Mercerized Cotton Saree

Cotton Mercerized saree is a Handwoven  design originated from pure cotton saree produced by the weavers of Fulia, West Bengal. Extra weft technique used to design the motifs on the body, and pallu. The mercerized cotton are embedded with each part of weaves.

Mercerisation is a textile finishing treatment for cellulose fabric and yarn, mainly cotton and flax, which improves dye uptake and tear strength, reduces fabric shrinkage, and imparts a silk-like luster.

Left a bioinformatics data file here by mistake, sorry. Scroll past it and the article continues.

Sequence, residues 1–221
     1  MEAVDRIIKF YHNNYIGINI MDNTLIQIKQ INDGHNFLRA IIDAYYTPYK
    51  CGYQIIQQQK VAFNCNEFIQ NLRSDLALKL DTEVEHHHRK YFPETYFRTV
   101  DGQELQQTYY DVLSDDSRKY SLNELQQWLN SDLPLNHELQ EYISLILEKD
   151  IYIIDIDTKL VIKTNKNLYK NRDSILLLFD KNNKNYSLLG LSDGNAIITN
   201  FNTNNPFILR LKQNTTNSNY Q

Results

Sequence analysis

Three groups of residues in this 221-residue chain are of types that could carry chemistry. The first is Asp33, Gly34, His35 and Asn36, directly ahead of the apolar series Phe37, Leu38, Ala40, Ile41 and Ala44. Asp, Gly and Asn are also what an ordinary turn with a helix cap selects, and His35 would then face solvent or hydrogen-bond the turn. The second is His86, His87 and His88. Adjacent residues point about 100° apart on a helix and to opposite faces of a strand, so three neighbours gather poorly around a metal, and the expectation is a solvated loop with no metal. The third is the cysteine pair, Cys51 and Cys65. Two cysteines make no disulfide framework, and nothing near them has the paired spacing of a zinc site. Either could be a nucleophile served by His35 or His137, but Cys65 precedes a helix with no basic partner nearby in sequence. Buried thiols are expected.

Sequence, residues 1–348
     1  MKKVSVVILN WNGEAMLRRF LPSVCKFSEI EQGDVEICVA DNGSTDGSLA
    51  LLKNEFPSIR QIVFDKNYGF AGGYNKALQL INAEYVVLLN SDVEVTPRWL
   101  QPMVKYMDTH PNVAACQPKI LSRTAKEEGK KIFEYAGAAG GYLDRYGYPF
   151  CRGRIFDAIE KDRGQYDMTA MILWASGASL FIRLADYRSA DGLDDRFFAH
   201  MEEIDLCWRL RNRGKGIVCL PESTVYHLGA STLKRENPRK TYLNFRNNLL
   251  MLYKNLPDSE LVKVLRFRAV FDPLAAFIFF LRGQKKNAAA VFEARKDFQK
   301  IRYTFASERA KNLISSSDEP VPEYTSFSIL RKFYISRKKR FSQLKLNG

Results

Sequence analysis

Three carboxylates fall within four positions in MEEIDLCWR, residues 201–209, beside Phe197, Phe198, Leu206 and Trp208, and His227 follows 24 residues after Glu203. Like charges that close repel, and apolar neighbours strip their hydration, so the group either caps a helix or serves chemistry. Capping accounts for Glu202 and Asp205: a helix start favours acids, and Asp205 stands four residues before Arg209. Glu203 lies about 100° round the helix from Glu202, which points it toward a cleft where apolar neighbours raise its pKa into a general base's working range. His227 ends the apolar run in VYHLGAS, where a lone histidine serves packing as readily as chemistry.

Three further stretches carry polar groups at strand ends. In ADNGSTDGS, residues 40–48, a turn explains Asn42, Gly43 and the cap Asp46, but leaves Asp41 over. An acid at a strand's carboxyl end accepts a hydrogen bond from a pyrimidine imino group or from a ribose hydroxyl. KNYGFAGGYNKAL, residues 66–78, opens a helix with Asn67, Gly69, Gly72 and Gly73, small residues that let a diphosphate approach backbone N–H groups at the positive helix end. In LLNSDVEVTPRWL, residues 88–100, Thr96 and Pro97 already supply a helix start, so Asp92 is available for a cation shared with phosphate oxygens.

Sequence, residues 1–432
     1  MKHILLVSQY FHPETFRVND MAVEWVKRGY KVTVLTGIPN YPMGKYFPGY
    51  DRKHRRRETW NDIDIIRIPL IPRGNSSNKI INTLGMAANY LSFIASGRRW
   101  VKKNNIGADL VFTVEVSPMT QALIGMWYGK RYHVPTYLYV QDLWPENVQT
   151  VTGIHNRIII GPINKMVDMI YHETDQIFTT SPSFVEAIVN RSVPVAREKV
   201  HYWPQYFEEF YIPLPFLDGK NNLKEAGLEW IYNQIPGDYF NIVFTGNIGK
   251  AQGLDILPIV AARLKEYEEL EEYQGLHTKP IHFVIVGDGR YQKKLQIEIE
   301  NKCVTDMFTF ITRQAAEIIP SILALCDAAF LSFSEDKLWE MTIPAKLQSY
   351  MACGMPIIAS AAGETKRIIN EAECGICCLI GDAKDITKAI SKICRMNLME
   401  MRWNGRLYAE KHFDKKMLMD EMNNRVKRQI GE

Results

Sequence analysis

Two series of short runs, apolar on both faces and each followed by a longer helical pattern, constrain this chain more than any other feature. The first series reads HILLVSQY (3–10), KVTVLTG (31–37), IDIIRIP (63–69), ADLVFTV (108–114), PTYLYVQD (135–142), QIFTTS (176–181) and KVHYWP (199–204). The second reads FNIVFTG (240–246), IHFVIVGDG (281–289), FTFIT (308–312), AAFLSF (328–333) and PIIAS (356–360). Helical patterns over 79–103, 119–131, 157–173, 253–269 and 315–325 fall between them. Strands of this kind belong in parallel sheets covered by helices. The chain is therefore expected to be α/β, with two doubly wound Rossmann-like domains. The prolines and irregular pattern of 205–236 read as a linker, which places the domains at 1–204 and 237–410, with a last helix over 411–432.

The process was devised about 1844 by John Mercer who treated cotton with solutions of  sodium hydroxide followed by washing. Mercer observed that the treated fabrics shrank, had increased tensile strength, and an increased affinity for dyes. In the original process of Mercer, no tension was applied. The product was termed fulled cotton, a nod to the process of fulling in woven wool fabric. Mercer regarded the increased affinity for dyes as the most important technical aspect. Mercer also experimented with sulfuric acid and zinc chloride solutions and discovered the parchmentising effect of sulfuric acid.[1]

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